How life changed for Britannia after Rome

Roman Forces Leave Britain

The collapse of Roman Britain in 409 A.D. marked a turning point in British history. By the beginning of the fifth century, it appears that Roman life had ended. Towns had disappeared, not to return for several centuries. Coinage for daily transactions was abandoned, and clothing, diets, and architecture were altered beyond recognition.

Gildas, a British historian of the sixth century, viewed the demise of Roman Britain as swift, dramatic, and apocalyptic. He relates how the Britons beseeched the Roman commander in Gaul for assistance. 

After the barbarians crossed the Rhine in the winter of 406–407, Roman military units in Britain rebelled and made one of their generals, Constantine, the new emperor.

Around the year 409, Emperor Constantine III of the Roman Empire ordered the vast majority of his army to withdraw from Britain. The Roman army never returned to Britain in force, and the few forces left behind were powerless when barbarians attacked Roman Britain. This Constantine, known as Constantine III, was the founder of what is now known as modern-day France.

With a remarkable sense of timing, the barbarians began their assault just as the Roman army departed. Some of those who invaded in the first half of the fifth century had a long history of raiding this part of the Roman Empire, so it’s probable that someone alerted them to the fact that no one was watching it anymore.

These included the Scots of Ireland and the Picts of Scotland, who often crossed into Roman territory. However, in the first part of the 5th century, some tribes that did not have a long history of conquering Britain began to do so: the Angles and Saxons of northern Germany, and the Jutes from southern Denmark.

The native Celtic people of Britain fought against the arrival of the Anglo-Saxons in the same way they had fought against the Romans, and with about the same amount of success.

It is possible, but not certain, that a British war leader named Arthur fought against the Anglo-Saxon migration and won a notable military victory against the Anglo-Saxons at the Battle of Mt. Badon around 500 A.D., but this was not enough to stop the flow of Anglo-Saxons into Roman Britain.

Irish tribes, particularly the Irish Scotti, took advantage of the Anglo-Saxon invasion of Britain and began to settle along the west coast of the country. They made a number of small kingdoms, but the kingdom of Dál Riata was the most important one.

The Collapse of the Economic System of Roman Britain

By roughly the year 450, this economic structure had entirely collapsed. For instance, the British resorted to small-scale, regional pottery production. For instance, the British resorted to small-scale, regional pottery production. The use of coins as a form of currency was discontinued.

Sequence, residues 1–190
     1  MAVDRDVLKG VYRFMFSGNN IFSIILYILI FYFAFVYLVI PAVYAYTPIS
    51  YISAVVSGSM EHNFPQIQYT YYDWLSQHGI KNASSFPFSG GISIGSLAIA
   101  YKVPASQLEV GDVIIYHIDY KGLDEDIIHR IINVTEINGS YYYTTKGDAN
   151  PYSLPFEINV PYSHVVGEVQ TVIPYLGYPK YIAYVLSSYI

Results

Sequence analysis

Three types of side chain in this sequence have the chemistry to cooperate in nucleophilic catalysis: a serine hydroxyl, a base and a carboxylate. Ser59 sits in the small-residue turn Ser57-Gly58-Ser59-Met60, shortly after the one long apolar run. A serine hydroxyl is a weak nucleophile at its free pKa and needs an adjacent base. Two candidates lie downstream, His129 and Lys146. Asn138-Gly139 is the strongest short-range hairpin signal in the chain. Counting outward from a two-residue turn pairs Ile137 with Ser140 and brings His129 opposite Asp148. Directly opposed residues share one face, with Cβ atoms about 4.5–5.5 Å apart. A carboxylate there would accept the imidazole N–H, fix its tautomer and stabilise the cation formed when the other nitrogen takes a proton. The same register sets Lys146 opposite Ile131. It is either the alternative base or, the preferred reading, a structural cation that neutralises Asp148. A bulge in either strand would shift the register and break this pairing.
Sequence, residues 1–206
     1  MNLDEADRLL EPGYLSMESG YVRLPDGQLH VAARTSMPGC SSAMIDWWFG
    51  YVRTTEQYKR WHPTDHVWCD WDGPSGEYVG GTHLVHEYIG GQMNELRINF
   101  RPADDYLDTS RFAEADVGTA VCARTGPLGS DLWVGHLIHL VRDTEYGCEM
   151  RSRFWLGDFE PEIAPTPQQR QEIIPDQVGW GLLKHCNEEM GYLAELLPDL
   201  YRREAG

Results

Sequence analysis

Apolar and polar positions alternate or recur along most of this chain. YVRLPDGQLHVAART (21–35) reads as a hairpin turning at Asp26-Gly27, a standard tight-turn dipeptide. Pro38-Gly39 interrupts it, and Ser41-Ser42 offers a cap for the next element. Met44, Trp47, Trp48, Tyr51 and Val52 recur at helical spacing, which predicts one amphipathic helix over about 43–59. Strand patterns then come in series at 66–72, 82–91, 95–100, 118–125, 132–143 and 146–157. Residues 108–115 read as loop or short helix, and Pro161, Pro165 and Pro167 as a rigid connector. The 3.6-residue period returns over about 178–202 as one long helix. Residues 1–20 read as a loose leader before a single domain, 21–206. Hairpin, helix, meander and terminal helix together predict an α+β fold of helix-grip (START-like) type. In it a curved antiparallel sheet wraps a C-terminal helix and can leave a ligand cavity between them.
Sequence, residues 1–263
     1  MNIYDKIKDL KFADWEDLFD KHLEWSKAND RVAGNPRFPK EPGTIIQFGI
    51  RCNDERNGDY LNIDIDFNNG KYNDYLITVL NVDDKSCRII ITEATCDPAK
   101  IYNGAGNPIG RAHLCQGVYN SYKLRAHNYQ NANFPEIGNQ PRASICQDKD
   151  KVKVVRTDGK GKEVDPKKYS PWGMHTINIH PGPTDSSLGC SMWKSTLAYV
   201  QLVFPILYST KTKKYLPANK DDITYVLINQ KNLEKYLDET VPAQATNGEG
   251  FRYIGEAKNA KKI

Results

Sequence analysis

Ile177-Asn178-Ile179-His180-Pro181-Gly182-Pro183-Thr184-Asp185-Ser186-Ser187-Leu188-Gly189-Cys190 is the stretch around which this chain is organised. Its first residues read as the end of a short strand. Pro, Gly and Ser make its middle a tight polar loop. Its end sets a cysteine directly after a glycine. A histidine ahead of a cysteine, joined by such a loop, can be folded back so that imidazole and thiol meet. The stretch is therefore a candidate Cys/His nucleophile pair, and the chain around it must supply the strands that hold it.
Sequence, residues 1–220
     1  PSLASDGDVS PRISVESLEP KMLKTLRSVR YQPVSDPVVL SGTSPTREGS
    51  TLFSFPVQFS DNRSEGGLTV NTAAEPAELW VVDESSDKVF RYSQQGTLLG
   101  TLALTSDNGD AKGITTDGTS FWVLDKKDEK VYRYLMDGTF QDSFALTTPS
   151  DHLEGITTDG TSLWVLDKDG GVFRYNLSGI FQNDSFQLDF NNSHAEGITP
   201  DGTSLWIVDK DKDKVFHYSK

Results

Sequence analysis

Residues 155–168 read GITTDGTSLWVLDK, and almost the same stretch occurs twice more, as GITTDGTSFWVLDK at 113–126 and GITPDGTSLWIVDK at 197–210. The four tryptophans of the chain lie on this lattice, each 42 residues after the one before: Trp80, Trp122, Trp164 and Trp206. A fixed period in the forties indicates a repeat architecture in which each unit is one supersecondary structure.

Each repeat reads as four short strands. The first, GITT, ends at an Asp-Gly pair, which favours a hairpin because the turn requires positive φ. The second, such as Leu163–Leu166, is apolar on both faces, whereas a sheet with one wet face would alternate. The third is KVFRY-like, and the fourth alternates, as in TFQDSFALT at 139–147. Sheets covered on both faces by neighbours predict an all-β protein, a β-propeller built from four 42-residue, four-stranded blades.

The towns and public buildings had been abandoned, and they no longer served their original purposes. Squatters often live in strange places, like the bottom of bathtubs, which indicates that no one is filling the tubs anymore.

In most Roman cities in Britain, including the provincial capital of London, the forum (administrative center) was abandoned by the third century. By the fourth century, some forums, such as the one at Silchester, had been changed to help small businesses.

As was the situation across the western empire, the supply of bronze coins to Britain diminished after 395 and halted entirely after 402. It is debatable how long the coinage was in circulation, but the fact that no attempt was made to make local coins to replace the Roman supply shows there was minimal demand.

Early in the fifth century, major pottery enterprises in the Nene Valley (Cambridgeshire and Oxfordshire) ceased production. Metal, wood, and leather drinking cups swiftly supplanted ceramic vessels.

Despite the political turmoil depicted by the literary sources, it is certain that some Roman Britons were prosperous in the fourth century. All of Britain’s most beautiful mansions and mosaics of people were made during this later time.

According to the pagan author Zosimus, barbarian invasions forced the British to abandon Roman control and live freely, no longer subject to Roman law. 409 AD is widely considered the end of Roman sovereignty in Britain.

 

Angleland and Language

Among these repercussions was a name change. Britannia, the Roman name for Britain, has become obsolete, and a new name has been established. “Angleland,” the region where the Angles resided, is now known as England.

The people who lived in France still spoke Latin, but they also spoke a Romance language that was not spoken in the British Isles.